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Missionaries then and now...

A graph from my class, World Church Growth Principles and Strategies, yum yum!




1. The call to cross-cultural missions was normally a permanent one.

1. The call to cross-cultural missions is not necessarily permanent. “Long-term” for Gen Xers maxes out at four to five years!

2. Cross-cultural ministry was seen as a career.

2. Cross-cultural ministry is most likely only one portion of a career. It looks good on an evangelical resume.

3. Expected to remain in one country until retirement.

3. Can transition countries various times (I even served in two countries).

4. A B.S. degree was sufficient for my mission.

4. A Master’s degree is now normally required and even Ph. D.s are showing up on the mission field (at least for brief periods of time before they move on to the academic world. Example A would be your professor!)

5. On the mission field in your early 20s

5. Rarely on the mission field before the 30s

6. Mission agency decisions were unquestioned.

6. All decisions are questioned!

7. Pretty much told what to do and where to go.

7. The missionary has veto power over decisions pertaining to his/her life and ministry.

8. Kids went to boarding school. Local options rarely used but allowed on exceptional basis.

8. Few kids go to boarding school. The C&MA has withdrawn from “running” boarding school during these 35 years. Most MKs now go to local private schools.

9. Five year terms. (My in-laws served seven year terms.)

9. Two year terms are become more common.

10. No IRA plan. When you retired you depended on the “mission communities” for cheap or even free housing.*

10. Various IRA plans with matching mission contributions. Many missionaries I know own homes!

11. Ships still used as a means of transportation to and from the field.

11. Ships no longer used. You only use ships for vacation cruises!!!!!!!

12. National Church had little if any say in the missionary’s ministry.

12. National Church has more control of the missionary’s ministry.

13. Church planting was the norm.

13. Church planting is the exception.

14. Nurturing ministry was done but not the focus.

14. Nurturing ministry is the main focus.

15. Community development and relief ministries just starting to become a major factor in missions.**

15. Community development and relief ministries now outnumber church planting agencies.

16. No trips to the homeland during a “term” unless there was an emergency.

16. Annual trips to the homeland are common.

17. Telegrams were the most efficient means of rapid communication - and done only on an as needed basis.

17. The Internet has replaced the telegram and the fax machine.

18. No phone in the first two homes I lived in on the field.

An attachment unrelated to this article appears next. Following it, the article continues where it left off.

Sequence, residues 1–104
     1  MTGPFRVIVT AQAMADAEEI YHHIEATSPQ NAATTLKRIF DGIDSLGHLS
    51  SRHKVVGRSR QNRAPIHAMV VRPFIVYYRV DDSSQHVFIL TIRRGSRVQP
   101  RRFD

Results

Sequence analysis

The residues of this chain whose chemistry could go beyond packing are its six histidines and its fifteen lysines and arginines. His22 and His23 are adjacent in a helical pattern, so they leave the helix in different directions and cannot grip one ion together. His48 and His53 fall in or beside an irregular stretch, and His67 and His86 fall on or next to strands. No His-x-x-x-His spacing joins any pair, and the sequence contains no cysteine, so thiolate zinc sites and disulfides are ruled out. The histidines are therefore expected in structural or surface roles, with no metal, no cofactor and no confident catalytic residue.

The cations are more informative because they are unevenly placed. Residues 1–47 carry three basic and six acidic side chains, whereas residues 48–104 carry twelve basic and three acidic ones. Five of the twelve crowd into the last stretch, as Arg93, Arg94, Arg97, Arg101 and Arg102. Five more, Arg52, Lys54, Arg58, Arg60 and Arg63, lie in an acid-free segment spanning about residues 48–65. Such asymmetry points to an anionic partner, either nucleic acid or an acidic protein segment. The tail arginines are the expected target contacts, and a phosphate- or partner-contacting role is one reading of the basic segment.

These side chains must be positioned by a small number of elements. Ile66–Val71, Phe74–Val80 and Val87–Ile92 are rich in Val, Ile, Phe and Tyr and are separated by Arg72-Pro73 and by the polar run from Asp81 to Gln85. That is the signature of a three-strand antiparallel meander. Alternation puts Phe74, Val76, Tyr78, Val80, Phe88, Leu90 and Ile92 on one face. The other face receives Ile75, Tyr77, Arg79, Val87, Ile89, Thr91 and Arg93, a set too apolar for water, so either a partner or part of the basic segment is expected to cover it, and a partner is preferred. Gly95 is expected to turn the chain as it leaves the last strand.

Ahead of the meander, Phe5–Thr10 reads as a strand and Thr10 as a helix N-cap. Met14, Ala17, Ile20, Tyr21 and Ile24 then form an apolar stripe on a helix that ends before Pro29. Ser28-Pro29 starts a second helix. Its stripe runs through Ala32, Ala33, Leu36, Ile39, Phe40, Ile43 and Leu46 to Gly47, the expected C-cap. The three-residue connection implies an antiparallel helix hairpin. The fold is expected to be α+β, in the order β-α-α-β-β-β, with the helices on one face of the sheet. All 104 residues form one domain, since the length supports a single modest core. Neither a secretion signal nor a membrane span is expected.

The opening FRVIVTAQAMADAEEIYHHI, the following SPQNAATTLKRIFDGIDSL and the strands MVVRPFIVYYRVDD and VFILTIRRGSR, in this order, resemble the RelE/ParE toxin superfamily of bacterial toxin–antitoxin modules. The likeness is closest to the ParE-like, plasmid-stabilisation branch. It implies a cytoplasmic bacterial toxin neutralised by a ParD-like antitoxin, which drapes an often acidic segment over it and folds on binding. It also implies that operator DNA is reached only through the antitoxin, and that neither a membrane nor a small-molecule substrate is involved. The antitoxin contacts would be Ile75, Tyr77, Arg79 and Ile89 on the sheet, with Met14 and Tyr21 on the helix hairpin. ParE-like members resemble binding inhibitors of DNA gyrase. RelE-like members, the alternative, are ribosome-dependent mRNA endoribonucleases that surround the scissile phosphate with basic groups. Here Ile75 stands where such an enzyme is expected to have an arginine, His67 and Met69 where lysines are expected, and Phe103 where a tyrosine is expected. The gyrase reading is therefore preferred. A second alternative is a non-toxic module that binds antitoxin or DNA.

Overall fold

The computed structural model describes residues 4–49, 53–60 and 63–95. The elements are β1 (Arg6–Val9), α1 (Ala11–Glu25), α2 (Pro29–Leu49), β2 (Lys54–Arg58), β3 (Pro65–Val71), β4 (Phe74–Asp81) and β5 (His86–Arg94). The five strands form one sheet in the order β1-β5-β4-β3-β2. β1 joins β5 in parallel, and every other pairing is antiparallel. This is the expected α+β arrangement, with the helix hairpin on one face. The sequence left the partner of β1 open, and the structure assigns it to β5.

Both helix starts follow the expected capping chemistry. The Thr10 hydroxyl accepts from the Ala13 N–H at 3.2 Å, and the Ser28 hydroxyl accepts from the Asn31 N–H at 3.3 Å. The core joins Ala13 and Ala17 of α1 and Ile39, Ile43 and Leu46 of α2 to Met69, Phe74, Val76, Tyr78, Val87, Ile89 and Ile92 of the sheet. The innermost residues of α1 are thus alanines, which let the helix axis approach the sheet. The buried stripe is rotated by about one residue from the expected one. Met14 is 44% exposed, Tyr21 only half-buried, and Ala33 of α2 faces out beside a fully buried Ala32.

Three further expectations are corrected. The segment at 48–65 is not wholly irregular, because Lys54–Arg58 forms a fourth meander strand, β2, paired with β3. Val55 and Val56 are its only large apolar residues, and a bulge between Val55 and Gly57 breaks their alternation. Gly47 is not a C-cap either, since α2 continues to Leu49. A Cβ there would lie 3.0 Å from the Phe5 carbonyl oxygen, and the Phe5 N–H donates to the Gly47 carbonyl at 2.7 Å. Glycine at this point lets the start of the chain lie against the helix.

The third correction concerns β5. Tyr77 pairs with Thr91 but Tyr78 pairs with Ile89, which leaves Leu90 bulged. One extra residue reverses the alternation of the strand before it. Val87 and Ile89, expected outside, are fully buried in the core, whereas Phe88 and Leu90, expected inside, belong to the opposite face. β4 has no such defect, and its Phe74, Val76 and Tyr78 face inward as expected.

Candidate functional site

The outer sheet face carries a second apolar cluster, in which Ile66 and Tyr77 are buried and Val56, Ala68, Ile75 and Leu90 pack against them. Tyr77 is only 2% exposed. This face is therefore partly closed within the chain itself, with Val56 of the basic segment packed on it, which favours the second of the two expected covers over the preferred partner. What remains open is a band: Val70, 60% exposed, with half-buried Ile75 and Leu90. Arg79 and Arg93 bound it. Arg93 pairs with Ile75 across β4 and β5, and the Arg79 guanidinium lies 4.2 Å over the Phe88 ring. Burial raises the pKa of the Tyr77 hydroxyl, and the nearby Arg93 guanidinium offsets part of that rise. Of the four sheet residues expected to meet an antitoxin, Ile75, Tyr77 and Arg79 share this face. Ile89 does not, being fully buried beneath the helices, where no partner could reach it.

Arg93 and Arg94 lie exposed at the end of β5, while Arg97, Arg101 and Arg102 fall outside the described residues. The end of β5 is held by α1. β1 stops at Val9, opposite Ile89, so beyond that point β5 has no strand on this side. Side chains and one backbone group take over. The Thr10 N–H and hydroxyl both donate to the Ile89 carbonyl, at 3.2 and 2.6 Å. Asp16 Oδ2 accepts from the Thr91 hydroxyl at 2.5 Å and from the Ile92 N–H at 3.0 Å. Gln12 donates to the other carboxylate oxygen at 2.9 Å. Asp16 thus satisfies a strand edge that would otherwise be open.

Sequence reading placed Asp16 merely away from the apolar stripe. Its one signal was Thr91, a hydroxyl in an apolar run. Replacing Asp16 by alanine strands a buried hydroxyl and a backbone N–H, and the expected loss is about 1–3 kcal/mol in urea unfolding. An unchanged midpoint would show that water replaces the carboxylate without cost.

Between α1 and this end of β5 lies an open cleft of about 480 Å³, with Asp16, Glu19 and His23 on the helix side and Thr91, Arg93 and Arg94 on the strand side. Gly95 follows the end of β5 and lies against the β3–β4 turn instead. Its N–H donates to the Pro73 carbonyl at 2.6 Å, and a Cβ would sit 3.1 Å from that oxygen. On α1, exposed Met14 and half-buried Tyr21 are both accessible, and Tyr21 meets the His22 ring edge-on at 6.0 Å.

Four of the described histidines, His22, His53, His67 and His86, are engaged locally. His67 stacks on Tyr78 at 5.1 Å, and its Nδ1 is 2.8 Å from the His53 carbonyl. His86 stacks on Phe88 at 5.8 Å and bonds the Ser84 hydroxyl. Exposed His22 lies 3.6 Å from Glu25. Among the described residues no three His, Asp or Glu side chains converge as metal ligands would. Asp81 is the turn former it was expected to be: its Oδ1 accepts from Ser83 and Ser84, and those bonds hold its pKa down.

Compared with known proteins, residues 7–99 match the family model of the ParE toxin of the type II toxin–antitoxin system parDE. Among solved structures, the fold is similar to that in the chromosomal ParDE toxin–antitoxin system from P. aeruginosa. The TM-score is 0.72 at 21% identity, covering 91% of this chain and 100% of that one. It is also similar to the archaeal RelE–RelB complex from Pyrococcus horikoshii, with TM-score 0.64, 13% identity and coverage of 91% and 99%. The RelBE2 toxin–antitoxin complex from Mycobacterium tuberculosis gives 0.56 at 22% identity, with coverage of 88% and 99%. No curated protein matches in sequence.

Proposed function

18. Satellite phones keep us in touch 24/7.

19. No TV; Armed Forces Radio or BBC were THE major news outlets and accessed only by Short Wave radio.

19. ALL U.S. TV channels can be accessed anywhere in the world. (This is NOT necessarily a “plus”!)

20. Rural ministries the norm.

20. Rural ministries the exception.

21. Ministry mainly among the marginalized.

21. A good portion of ministry effort is focusing on the influential and affluent classes.

22. Missionary body divided into veterans and rookies.

22. No overt divisions among missionary body (but implicit divisions still exist).

23. Not much specialization.

23. A plethora of specializations.

24. Cell Church was an anomaly.

24. Cell churches are becoming the norm.

25. Small, non-descript, out-of-the-way church buildings.

25. Strategically located large and attractive church buildings.

26. Short-term missionaries were an oddity.

26. Short-term missionaries now outnumber the traditional missionary.

27. “Lone Ranger” missionary model and image.

27. Almost ALL team ministries; and international teams at that!

28. Little “sending church” involvement

28. “Sister Churches” and “Partnerships” are common between sending and receiving churches.

29. Blackboards, typewriters, and mimeograph copiers

29. PowerPoint, text messages, and instant sharing of material

30. Big Brother mentality in vogue.

30. Big Brother mentality is thoroughly discredited.

  1. Anonymous Clarke Leland | 7:24 AM |  

    Josh! these are amazing stats. Thanks for posting them! If you get a chance you should post those numbers you found on the difference between peoples being sent and people in the church back in the day and now. Again, its an eye opener to see how much has changed in almost 4 decades!